4. Now position the inner ring (the engraving of the inner ring must be oriented towards the frame) and screw both chainrings with the supplied bolts.
  5. The mounting of the PowerCurve on the crank spider is correct when having the major diameter of the PowerCurve vertical, the crank arm

is approximately perpendicular to the direction of the seat tube.

Foto 1

Foto 2

What to do when the oval chainring drags against the lower rear wheel fork of the bike frame?

The bike frame and the crank spindle should allow the passage of the (inner-)chainring along the rear wheel fork.
Normally the outer chainrings provide no problem.
Possible solutions in case the chainring drags against the lower rear wheel fork:

  • Install a washer between spindle and crank so that the spider-crank shifts slightly outwards.
  • Install a larger crank spindle 

What adjustments are needed to the front derailleur?
Adjustments to the height of the front derailleur.
The height of the front derailleur fork is to be adjusted to less than 2 mm above the passage of the largest chainring diameter.
In case of a shifting fork with clamping strap the adjustment can be done without any problem. In case of a fixed (brazed-on) front derailleur and a large outer oval chainring (e.g. 54 T) the mounting of a derailleur adaptor may be required. This adaptor can be ordered together with the PowerCurve chainrings. See “Accessories”.
Front derailleur adjuster type.

  • Rod shaped adaptor
  • Wedge shaped adaptor

The wedge shaped adaptor raises the front derailleur, tilts it and moves it backwards in a manner that the lower edge of the shift fork sinks approximately 9 mm.
Adjustments to do when the chain drags in the front derailleur shifting fork.
Chain drags on the lower edge.
When using a small inner chainring with large ovality (e.g., 38 teeth and 25% ovality), it may happen that the chain, at the lowest gear (smallest diameter vertical), drags on the lower edge of the shift fork.
This can be solved

  • By installing the appropriate adaptor type (see above).
  • In case the adaptor doesn’t solve the problem a front derailleur with longer shifting fork must be installed.

The chain drags against the inner edge of the shift fork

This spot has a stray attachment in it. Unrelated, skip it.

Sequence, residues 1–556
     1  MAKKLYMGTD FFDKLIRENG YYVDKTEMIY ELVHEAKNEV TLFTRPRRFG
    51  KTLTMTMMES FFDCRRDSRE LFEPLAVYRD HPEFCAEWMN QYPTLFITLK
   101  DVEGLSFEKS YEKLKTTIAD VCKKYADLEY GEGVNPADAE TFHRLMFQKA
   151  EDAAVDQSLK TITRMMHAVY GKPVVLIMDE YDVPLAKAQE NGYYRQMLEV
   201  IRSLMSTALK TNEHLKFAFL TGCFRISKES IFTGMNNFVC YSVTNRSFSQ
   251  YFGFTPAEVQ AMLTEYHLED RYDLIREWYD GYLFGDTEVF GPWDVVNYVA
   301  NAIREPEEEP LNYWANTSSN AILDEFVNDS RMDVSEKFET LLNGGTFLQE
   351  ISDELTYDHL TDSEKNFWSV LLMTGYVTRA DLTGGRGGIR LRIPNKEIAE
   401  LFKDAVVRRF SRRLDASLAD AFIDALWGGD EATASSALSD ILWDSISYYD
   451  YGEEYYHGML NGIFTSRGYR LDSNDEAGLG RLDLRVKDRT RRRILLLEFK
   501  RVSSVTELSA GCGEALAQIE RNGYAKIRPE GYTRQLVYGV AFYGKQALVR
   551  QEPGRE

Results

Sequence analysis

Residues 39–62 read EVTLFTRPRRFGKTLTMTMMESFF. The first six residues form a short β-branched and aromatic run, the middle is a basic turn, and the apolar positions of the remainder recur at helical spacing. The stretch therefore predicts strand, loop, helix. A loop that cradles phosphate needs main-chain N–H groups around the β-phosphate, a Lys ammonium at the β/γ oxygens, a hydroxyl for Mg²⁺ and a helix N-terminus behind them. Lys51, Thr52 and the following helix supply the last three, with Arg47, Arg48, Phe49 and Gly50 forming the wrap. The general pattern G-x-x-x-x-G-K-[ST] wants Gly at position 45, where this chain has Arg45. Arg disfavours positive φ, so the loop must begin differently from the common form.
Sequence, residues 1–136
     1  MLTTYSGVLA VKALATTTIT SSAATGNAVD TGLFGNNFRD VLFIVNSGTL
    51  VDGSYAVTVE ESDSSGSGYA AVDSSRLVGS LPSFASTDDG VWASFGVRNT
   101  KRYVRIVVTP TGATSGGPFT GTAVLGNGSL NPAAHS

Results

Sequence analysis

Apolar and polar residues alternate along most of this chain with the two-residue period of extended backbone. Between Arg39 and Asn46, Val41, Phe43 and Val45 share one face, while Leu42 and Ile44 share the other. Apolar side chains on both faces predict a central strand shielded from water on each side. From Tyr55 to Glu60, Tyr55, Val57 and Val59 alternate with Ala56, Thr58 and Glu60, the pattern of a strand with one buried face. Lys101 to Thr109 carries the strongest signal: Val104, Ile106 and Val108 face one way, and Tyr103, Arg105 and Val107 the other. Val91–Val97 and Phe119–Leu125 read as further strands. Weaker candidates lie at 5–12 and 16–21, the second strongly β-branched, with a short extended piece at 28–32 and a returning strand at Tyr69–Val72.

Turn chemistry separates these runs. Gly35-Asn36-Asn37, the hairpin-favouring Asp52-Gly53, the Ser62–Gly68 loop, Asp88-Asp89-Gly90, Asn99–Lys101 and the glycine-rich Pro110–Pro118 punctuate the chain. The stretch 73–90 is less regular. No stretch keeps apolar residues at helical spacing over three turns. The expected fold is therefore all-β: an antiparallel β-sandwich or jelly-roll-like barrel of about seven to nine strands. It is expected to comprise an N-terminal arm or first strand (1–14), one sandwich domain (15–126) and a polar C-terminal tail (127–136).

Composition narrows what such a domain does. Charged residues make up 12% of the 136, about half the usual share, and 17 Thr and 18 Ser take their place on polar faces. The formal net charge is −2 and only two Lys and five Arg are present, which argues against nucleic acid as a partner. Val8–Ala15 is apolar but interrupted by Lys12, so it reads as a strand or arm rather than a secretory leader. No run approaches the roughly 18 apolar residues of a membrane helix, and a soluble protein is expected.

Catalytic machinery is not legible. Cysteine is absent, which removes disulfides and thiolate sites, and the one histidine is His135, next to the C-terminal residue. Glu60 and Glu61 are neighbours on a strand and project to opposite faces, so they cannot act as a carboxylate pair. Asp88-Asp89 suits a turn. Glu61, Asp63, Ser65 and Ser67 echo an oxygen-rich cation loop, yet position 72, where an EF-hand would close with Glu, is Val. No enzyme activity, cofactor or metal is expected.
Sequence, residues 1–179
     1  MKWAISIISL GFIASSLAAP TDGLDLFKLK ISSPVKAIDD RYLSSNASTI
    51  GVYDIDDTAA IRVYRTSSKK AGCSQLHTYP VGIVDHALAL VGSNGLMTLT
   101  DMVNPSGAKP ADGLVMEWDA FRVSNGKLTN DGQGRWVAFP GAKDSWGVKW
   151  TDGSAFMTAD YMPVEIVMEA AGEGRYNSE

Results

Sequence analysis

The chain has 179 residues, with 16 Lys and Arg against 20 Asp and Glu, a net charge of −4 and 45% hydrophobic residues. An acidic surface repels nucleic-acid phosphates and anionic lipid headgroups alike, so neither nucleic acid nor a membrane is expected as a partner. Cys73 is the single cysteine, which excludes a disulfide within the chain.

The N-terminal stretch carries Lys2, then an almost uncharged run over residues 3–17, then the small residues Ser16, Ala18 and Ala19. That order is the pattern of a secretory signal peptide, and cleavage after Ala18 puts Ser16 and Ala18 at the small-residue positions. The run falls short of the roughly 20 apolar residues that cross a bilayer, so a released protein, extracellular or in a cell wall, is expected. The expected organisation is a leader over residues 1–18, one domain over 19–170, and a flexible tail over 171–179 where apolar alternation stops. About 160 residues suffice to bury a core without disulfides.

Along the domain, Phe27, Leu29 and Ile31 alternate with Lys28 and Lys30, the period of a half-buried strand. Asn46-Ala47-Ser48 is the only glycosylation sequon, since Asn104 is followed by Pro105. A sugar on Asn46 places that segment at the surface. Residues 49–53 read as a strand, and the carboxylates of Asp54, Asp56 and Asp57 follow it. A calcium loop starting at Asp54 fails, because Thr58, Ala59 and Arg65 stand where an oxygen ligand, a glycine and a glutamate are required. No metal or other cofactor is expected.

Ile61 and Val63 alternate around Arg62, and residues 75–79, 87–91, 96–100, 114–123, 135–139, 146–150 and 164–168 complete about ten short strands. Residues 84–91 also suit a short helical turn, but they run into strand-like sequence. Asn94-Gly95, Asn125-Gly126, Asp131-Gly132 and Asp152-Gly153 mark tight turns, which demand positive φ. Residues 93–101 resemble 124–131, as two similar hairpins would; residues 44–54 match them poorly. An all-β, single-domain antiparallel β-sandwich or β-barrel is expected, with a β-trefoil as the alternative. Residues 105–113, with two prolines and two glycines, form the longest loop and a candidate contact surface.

In case the chain drags against the inner edge of the shift fork: widen the derailleur cage by the mounting of some thickness washers or deform the shift fork slightly.
Is special greasing of the chain needed?
The noise level of the PowerCurve rings seems to be different  from ordinary round chainrings. This is caused by the special shape and ovality. A well lubricated chain is recommended.
How to select your appropriate crank arm set up?
For justification see “Science”.

  • Road Bike

Seat tube angle is about 73°
Crank set up in “R” (Road) position.

  • Time Trial Bike

Seat tube angle is about 80°
Crank set up “TT” (Time Trial) position.

  • In case of a highly forward seating position a “correction” can be done by sliding to the next mounting position: “R” to “TT” and “TT” is shifted clockwise to the next mounting hole.

Is there a quick visual check possible if the chainrings and crank arm are mounted correctly?

Rotate the crank so that the largest diameters of the rings are vertical.
If the crank arm is approximately perpendicular to the direction of the seat tube, the chainrings and the crank are mounted correctly (rule of thumb).

Which pedalling rates are being recommended?

See “Science”.

The PowerCurve non-circular chainring is yielding a crank power gain by a favourable kinetic efficiency effect. This efficiency effect occurs from around 50 rpm and becomes significantly larger from 80 rpm onwards. It continuous to grow “exponentially” with higher speeds.

The PowerCurve chainring decreases peak-loading in the extensor muscles of knee and hip. This advantage manifests itself at all pedaling rates and increases more than proportionally with cadence.
Higher pedalling cadences are recommended (…80 rpm…90 rpm…).